The next question you need to ask yourself before buying a house in Boston involves the financing. The first consideration is the length of the loan, most commonly either 15 or 30 years. The longer the term, the less you’ll pay each month, but you’ll wind up paying a lot more in interest over the life of the loan.
A fixed rate mortgage, as the name suggests, has an interest rate that stays the same over the life of the loan, which typically allows for better planning and budgeting. An adjustable rate mortgage (also known as an ARM) starts off with a low interest rate and then later increases at set intervals.
Experts in real estate financing suggest that first-time buyers should be wary of adjustable rate mortgages. “Your interest rate will go up and increase your payments, and then you may find it difficult to keep up. Your equity may not grow quickly enough to allow you to refinance before your rate changes kick in.”
4. Do I Really Need an Inspection?
Yes. You do. Unfortunately, in some competitive markets, buyers are submitting bids that waive inspection contingencies in order to remain competitive, which is definitely risky, especially for your first home. If you don’t want any costly surprises down the road, make sure the house passes all inspections. If you don’t have an inspection, you may find out after buying a house in Boston that you have to pay for some enormously costly repairs out of your own pocket. The relatively small cost of an inspection will be worth every penny – even if you plan to do major renovations because you’ll then know what lies ahead.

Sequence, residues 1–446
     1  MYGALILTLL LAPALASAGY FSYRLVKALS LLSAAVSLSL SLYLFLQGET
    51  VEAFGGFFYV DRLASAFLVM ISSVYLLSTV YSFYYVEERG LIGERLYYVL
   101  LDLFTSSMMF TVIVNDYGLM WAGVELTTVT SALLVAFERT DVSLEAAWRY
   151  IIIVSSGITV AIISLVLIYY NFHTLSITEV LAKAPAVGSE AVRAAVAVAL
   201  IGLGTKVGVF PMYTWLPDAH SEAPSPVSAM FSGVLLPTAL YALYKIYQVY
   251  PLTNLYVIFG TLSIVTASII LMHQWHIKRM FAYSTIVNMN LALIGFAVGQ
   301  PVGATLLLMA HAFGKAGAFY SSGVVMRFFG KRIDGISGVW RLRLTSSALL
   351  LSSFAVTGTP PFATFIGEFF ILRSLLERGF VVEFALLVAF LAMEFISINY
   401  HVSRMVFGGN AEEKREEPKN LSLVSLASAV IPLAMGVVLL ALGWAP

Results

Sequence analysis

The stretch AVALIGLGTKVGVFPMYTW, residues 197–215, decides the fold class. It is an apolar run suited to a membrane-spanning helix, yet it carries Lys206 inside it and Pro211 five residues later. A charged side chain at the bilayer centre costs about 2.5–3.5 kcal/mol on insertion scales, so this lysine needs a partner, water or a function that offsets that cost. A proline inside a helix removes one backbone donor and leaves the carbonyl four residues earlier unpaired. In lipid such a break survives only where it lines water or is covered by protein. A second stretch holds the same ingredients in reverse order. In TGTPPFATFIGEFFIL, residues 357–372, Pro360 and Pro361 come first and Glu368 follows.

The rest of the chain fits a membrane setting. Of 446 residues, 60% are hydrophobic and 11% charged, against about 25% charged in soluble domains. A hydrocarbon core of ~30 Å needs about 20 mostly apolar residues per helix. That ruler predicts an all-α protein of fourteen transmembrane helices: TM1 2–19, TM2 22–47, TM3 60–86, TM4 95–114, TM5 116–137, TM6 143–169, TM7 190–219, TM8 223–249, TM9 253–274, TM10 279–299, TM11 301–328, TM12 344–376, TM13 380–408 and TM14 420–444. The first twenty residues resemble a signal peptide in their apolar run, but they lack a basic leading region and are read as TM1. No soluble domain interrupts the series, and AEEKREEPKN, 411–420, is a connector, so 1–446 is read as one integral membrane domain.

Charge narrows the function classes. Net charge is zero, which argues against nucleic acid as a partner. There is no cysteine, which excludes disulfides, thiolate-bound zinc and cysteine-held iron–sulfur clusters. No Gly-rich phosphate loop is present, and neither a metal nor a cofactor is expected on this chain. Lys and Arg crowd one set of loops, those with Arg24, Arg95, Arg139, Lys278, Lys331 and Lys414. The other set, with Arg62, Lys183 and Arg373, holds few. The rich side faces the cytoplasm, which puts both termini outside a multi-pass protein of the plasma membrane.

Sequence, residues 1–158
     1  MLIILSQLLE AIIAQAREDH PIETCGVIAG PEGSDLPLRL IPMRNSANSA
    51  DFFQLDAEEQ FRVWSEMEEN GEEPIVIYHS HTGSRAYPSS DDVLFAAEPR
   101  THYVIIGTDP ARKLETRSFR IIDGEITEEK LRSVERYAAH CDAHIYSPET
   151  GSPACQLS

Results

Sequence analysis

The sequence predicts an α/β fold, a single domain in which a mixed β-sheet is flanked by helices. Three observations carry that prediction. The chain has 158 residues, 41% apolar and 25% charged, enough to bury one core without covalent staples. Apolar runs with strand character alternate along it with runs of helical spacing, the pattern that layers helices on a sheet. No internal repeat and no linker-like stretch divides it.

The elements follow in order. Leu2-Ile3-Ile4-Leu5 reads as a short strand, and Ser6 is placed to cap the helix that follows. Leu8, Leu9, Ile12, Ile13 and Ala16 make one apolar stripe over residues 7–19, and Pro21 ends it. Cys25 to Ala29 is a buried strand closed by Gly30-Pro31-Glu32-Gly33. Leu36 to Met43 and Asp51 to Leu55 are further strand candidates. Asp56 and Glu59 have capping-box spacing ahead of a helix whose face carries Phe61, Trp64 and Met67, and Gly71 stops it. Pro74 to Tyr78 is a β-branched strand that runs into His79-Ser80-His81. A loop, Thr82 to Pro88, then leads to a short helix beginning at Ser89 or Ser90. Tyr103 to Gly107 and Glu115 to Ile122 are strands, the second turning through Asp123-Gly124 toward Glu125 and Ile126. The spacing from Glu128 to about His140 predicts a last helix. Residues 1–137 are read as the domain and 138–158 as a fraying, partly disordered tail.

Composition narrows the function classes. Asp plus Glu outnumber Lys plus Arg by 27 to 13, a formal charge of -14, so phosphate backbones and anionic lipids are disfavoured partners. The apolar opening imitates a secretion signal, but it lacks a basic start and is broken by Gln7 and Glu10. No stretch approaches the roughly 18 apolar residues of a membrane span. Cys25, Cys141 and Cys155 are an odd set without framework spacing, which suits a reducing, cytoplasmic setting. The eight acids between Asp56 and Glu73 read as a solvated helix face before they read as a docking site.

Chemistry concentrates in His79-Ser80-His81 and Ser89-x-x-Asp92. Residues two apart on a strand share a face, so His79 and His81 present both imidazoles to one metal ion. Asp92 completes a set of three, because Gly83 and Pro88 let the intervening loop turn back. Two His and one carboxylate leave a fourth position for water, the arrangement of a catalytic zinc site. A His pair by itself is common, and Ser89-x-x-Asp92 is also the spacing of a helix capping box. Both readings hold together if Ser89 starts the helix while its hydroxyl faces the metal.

Another precautionary measure you can take is to have an inspection contingency in the purchase contract. This contingency will allow you to negotiate repairs or even cancel the sale if the house doesn’t pass the inspection. Your agent can help you craft water-tight inspection contingencies to ensure you’re fully protected. (To find out more about this, call NextHome Titletown Real Estate at (617) 657-9811.)
5. Why Do I Need a Real Estate Agent?
Before buying a house in Boston – before taking the first step toward that goal, really – you should hire a qualified local agent. As a buyer – there is no cost for you to use a real estate agent. The agent is paid out of the proceeds of the negotiated sale price, and generally splits the commission with the seller’s agent. An agent can make all the difference in making the process of finding and buying a house go smoothly. Your agent will learn what you want and need and then use her knowledge of the local market to help you find exactly that.
To find out how our experienced agents can assist you when buying a house in Boston, contact us today at (617) 657-9811.
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The property listing data and information set forth herein were provided to MLS Property Information Network, Inc. from third party sources, including sellers, lessors and public records, and were compiled by MLS Property Information Network, Inc. The property listing data and information are for the personal, non commercial use of consumers having a good faith interest in purchasing or leasing listed properties of the type displayed to them and may not be used for any purpose other than to identify prospective properties which such consumers may have a good faith interest in purchasing or leasing. MLS Property Information Network, Inc. and its subscribers disclaim any and all representations and warranties as to the accuracy of the property listing data and information set forth herein.